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Appeals FAQ

I Got An Order I Disagree With. What Can I Do?

If a judge issues an order that you disagree with, you typically only have 30 days to appeal to a higher court. Sometimes, though, orders that are entered in the middle of your case cannot be appealed until your case ends.

Do Different Timeframes Apply To Different Types Of Orders?

Yes. If you get a child support order from a domestic relations officer or a hearing officer, you likely only have 20 days to elevate any complaints to a judge. This is done by filing a kind of appeal called “exceptions” or by filing a demand for a full hearing in front of a judge, depending on the rules of procedure in your county.

How Long Does The Appeal Process Last?

If you appeal to the Pennsylvania Superior Court, which is the court above county courts, an appeal can take a year from the time of filing the appeal until the Superior Court renders a decision. If you appeal a child custody order, however, the Superior Court moves faster and you can expect to receive a decision within about six months from the date you filed your appeal.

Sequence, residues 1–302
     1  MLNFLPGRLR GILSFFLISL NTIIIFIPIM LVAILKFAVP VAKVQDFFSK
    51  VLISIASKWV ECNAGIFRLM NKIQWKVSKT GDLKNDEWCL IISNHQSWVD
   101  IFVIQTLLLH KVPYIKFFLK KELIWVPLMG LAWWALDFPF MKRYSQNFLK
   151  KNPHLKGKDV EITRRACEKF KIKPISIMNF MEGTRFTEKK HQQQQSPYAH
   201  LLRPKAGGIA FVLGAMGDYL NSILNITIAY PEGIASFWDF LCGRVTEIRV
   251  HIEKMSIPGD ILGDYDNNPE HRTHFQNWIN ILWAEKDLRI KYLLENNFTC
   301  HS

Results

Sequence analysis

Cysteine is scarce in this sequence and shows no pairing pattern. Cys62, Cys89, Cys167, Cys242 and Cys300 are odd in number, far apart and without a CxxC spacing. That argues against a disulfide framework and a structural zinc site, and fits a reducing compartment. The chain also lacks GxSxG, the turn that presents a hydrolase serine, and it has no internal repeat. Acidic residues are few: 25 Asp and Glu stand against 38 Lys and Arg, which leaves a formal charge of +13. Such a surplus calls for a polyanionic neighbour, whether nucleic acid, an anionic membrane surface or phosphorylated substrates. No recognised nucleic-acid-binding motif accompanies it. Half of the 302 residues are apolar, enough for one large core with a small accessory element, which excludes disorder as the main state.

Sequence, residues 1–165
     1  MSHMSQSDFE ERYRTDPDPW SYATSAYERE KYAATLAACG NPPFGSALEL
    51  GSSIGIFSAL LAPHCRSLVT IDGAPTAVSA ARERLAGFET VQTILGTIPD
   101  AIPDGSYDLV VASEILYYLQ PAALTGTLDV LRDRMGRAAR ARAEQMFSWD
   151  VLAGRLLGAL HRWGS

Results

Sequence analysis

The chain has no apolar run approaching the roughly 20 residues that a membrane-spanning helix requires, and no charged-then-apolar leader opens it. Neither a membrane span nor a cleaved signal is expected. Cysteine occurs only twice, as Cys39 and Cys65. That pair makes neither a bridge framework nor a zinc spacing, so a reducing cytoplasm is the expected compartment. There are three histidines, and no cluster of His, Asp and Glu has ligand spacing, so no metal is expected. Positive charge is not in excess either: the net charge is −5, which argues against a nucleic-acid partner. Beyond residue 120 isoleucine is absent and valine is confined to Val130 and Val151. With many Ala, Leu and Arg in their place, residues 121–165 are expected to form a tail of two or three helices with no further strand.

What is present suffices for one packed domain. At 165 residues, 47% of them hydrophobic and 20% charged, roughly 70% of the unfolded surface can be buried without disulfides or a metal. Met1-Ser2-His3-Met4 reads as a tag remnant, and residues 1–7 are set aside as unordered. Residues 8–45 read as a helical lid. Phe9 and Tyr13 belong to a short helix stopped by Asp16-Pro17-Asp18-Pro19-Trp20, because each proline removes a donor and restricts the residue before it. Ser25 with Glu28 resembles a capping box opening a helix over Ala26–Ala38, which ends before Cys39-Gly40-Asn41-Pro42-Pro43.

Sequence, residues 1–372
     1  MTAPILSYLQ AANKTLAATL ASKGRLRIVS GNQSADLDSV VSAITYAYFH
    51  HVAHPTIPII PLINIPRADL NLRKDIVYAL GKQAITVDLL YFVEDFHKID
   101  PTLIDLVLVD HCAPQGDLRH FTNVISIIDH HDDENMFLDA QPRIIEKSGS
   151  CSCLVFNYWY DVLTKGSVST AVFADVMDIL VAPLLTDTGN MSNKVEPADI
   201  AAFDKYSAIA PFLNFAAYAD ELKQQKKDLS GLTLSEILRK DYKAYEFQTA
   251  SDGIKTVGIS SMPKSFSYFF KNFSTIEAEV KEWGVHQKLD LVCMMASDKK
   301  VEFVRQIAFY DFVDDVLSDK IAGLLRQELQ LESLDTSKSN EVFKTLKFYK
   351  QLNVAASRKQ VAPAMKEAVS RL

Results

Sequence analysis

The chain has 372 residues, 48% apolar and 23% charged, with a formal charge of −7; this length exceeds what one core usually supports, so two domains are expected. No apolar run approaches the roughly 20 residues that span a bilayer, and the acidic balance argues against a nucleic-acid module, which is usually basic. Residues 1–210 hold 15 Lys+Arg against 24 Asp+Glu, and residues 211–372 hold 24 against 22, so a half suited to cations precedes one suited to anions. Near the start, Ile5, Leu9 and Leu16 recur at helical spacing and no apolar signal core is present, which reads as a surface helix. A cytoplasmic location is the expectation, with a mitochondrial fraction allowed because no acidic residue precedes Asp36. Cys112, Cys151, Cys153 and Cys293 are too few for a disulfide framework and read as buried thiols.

If I Had A Different Attorney For My Trial, Can You Handle My Appeal?

Absolutely. If you choose to have me pursue your appeal, the issues put before the appellate court are typically based on the transcript and documents from the trial before the county judge. I have successfully handled many appeals in cases for which I was not the trial attorney.